Data reported on non-S&E R&D expenditures are also lower-bound estimates for the national totals because (1) only 522 of the 612 surveyed institutions reported their non-S&E R&D expenditures and NSF did not attempt to estimate for item nonresponse, and (2) only institutions included in this S&E R&D performing sample were surveyed. The activities of institutions that do not perform S&E R&D (but may conduct substantial amounts of non-S&E R&D) are not reflected here.
The FY 2004 Survey of Research and Development Expenditures at Universities and Colleges detailed statistical tables will be available on the Web at http://www.nsf.gov/statistics/rdexpenditures/. NSF makes available computer-generated institutional profiles for individual doctorate-granting institutions and institutions of higher education with S&E departments that grant master's degrees or higher. The profiles contain data from this survey as well as from two other NSF academic S&E surveys: the Survey of Federal Science and Engineering Support to Universities, Colleges, and Nonprofit Institutions and the Survey of Graduate Students and Postdoctorates in Science and Engineering. Data from the three surveys are available on the Web (http://www.nsf.gov/statistics/) and on NSF's WebCASPAR database system, a web tool for retrieval and analysis of statistical data on academic S&E resources (http://ncsesdata.nsf.gov/webcaspar/).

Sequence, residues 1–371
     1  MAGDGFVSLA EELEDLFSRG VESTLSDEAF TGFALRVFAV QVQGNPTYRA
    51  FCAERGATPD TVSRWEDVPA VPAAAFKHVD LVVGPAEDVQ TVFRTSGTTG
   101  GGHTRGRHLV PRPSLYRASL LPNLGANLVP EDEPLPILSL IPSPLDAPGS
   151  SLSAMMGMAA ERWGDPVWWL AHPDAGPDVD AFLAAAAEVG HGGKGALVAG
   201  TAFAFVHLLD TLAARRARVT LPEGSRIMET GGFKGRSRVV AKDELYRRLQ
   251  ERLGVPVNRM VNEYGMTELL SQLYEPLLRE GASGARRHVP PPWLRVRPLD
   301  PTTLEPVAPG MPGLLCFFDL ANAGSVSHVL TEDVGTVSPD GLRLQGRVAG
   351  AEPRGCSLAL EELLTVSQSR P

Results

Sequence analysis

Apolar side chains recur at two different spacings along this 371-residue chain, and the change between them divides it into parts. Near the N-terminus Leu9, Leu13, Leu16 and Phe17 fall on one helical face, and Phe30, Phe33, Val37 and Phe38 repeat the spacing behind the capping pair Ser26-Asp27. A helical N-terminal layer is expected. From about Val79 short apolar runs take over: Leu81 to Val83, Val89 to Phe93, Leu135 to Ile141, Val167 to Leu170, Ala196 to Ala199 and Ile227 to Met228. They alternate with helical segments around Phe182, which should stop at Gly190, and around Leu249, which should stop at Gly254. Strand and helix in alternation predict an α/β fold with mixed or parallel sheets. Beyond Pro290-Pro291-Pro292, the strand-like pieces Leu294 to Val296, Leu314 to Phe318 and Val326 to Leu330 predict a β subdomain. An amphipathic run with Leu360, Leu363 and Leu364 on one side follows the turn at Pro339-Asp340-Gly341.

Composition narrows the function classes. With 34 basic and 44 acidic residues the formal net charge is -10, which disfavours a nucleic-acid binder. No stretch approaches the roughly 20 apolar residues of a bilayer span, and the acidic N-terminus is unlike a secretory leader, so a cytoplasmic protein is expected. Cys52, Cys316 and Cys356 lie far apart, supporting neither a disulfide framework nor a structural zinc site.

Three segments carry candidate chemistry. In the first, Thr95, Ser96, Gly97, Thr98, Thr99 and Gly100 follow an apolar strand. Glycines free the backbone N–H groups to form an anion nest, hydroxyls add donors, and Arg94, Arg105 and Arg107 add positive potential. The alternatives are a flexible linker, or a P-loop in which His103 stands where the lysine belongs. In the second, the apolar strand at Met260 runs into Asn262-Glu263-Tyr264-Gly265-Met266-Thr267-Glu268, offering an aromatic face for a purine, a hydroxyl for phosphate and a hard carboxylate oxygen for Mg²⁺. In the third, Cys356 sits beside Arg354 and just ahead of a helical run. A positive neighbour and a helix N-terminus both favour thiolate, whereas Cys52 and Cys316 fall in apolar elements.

For more information related to the Survey of Research and Development Expenditures at Universities and Colleges, contact
Research and Development Statistics Program
Division of Science Resources Statistics
National Science Foundation
4201 Wilson Boulevard, Suite 965
Arlington, VA 22230
 Figures reported for state and local government support of academic R&D exclude general-purpose funds that schools receive from these sources and devote to R&D activities. These funds are included in figures reported as institutional funds.
 The total amount reported as passed through to higher education subrecipients ($1.3 billion) does not equal the amount reported received by higher education subrecipients ($1.4 billion) due to differences in the item response rates for these two survey questions.